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Smith-Magenis Syndrome (SMS) and it's relevance to the NDIS

Updated: Mar 26

Published on 4th March 2024

Written by, Samantha Badrock

Reviewed by Australian Medical Practitioner and a preventative health expert Dr. McGowan


Autism, a spectrum of signs and symptoms, continues to unveil its intricacies as science strives to comprehend the full spectrum of this neurodiversity.


 In my journey of tailoring Supported Art Classes to the unique needs of my clients, one remarkable discovery emerged when a client underwent genetic testing. The revelation: Smith-Magenis Syndrome (SMS).Smith-Magenis Syndrome was first described in 1982 by   MD. Dr Ann Smith and Ruth Ellen Magenis, a genetic counselor and chromosome analyst, respectively. An article in Am J Med Genet C Semin Med Genet detailed that individuals with SMS have a full or partial deletion of chromosome 17p11.2, including the RAI1 gene.But what does this genetic variation mean for those who have it?

The person with SMS may:- Exhibit signs of autism as early as 18 months or earlier, as it can now be detected much younger than 12 months.- Experience sleep disturbances, cognitive delays, and maladaptive behaviours such as hyperactivity, impulsivity, and self-injurious behaviour.- Encounter speech and language delays.- Demonstrate strong visual reasoning (beneficial for creative activities) but potentially struggle with sequential learning (math, science).- Display self-hugging behavior.- Present stereotypies, sensory integration difficulties, and limited social awareness, align with features of autism. The study suggests a genetic inclination for individuals with SMS to fit within the autism spectrum. In terms of the NDIS, this diagnosis may attract substantial funding due to its nature as an unchanging genetic variation not a condition subject to cure through medical or behavioural intervention. However, a concerning aspect emerged in my research. An article by Yousif Nijim, MD, and Amin Adawi highlighted that people with SMS are often misdiagnosed as solely having autism, ADHD, obsessive-compulsive tendencies, or oppositional defiant tendencies.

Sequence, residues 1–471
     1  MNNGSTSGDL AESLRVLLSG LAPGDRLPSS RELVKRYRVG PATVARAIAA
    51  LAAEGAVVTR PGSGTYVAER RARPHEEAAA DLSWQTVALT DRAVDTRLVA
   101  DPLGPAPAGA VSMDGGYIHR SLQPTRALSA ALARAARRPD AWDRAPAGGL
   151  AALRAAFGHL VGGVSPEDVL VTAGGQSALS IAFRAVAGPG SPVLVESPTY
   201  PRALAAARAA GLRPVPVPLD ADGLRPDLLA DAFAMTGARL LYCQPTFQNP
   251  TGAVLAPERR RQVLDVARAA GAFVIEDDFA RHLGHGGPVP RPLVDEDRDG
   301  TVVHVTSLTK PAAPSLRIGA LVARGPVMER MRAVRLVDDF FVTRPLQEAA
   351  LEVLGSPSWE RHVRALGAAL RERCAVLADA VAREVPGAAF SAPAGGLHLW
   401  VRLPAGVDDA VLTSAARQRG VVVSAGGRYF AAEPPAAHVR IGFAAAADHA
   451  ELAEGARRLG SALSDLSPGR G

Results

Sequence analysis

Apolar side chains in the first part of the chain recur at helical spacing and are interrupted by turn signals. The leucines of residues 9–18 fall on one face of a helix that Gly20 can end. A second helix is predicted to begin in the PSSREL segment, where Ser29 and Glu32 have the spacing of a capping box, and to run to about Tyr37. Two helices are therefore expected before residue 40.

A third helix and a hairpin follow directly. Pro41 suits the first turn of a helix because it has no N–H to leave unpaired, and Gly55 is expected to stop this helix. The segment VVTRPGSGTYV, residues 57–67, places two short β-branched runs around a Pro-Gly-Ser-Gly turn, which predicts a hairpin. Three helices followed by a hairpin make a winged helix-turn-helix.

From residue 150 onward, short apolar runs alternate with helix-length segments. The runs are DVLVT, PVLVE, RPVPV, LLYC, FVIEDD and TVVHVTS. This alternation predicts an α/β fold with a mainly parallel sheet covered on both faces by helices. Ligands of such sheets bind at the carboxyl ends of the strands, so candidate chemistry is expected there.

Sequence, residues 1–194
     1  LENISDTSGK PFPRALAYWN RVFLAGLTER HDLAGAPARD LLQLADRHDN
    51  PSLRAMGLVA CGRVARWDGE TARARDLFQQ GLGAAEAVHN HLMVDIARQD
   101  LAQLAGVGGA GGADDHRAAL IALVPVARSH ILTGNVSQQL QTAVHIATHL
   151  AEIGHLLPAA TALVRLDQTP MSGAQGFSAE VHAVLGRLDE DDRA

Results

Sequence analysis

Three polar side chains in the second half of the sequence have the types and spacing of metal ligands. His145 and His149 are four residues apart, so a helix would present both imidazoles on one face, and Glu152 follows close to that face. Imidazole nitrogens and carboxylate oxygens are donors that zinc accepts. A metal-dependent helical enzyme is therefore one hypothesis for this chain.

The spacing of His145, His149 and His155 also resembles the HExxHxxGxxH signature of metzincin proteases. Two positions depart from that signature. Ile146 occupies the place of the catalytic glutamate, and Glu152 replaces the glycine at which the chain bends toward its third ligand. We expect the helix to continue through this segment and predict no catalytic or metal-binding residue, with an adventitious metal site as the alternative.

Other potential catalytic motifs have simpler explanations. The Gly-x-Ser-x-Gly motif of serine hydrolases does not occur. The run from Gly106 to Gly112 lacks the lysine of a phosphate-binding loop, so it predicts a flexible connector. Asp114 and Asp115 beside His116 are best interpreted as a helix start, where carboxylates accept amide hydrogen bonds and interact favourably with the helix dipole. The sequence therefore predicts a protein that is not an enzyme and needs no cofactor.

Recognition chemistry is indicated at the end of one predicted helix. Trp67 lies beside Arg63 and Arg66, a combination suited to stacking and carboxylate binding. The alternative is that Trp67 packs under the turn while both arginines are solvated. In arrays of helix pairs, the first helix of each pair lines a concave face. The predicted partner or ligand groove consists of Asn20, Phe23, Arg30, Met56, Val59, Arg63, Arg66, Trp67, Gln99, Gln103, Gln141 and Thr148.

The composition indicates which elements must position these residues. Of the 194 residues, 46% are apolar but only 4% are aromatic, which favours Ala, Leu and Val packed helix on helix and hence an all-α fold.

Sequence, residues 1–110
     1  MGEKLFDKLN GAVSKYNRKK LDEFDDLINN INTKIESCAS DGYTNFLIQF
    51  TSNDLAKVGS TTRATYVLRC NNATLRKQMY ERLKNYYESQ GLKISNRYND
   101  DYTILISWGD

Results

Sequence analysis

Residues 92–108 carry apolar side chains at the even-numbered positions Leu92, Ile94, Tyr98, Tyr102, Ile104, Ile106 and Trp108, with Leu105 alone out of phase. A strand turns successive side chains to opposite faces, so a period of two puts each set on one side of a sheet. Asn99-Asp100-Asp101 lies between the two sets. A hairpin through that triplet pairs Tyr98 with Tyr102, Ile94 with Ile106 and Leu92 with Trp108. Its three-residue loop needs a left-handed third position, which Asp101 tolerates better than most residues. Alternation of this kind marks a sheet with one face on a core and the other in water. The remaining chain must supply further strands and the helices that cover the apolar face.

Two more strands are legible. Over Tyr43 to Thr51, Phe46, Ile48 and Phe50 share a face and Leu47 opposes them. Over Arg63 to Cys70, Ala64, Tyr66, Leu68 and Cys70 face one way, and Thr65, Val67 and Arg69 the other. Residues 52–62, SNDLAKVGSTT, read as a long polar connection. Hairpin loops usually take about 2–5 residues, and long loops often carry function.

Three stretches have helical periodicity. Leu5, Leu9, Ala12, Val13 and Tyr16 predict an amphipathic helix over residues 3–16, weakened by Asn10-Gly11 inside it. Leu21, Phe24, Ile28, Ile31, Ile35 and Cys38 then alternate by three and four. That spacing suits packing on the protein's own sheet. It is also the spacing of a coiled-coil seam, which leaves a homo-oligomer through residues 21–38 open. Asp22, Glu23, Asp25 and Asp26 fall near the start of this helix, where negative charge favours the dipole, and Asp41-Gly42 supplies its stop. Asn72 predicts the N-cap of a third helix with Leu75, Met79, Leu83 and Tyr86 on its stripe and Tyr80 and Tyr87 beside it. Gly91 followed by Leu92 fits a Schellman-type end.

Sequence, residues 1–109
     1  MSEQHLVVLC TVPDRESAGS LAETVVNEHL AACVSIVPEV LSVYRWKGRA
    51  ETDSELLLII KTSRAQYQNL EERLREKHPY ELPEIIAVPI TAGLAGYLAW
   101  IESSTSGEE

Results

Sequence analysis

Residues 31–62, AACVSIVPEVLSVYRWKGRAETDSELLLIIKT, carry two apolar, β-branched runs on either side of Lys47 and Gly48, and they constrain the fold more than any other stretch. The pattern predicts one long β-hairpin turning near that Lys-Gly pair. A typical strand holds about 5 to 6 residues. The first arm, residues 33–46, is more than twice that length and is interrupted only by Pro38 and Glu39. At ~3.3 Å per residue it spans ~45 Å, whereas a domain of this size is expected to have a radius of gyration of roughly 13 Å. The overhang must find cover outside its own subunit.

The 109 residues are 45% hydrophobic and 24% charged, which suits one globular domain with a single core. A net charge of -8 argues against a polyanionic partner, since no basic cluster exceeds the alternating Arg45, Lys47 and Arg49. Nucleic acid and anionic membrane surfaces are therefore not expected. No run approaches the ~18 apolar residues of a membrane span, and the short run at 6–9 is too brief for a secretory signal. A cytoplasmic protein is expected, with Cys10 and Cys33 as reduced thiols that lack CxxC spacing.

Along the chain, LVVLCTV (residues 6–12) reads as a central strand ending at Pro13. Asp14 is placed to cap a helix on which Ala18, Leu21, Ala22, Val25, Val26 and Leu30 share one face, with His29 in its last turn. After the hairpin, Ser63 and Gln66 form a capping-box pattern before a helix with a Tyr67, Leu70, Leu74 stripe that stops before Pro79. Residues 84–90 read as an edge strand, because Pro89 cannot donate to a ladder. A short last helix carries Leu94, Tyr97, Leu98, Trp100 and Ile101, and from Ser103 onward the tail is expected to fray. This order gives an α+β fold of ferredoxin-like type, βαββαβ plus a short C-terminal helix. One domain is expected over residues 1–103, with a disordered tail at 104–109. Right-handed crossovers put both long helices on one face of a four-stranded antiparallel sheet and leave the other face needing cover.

This raises a critical question: Why does accurate diagnosis matter when the symptoms are seemingly similar, especially if all are NDIS funded? To delve deeper into this, I sought insights from an Australian Medical Practitioner and a preventative health expert.   Dr. McGowan has had personal experience in caring for a family member with SMS. "What's your understanding of SMS, and what would you like people working in disabilities to know?" 

 

"SMS is a rare chromosomal variant that can impact a child in many ways, such as with their behaviour, sleep, physical and intellectual development.  

SMS can now be diagnosed with a test called a Chromosome microarray (CMA).  This testing is a detailed genetic test that can look for extra or missing pieces of genetic material or DNA for well over 400 different conditions

that can be done via a bulk billed blood test organised with a paediatrician or at a public hospital in the Genetics Department (children and adults)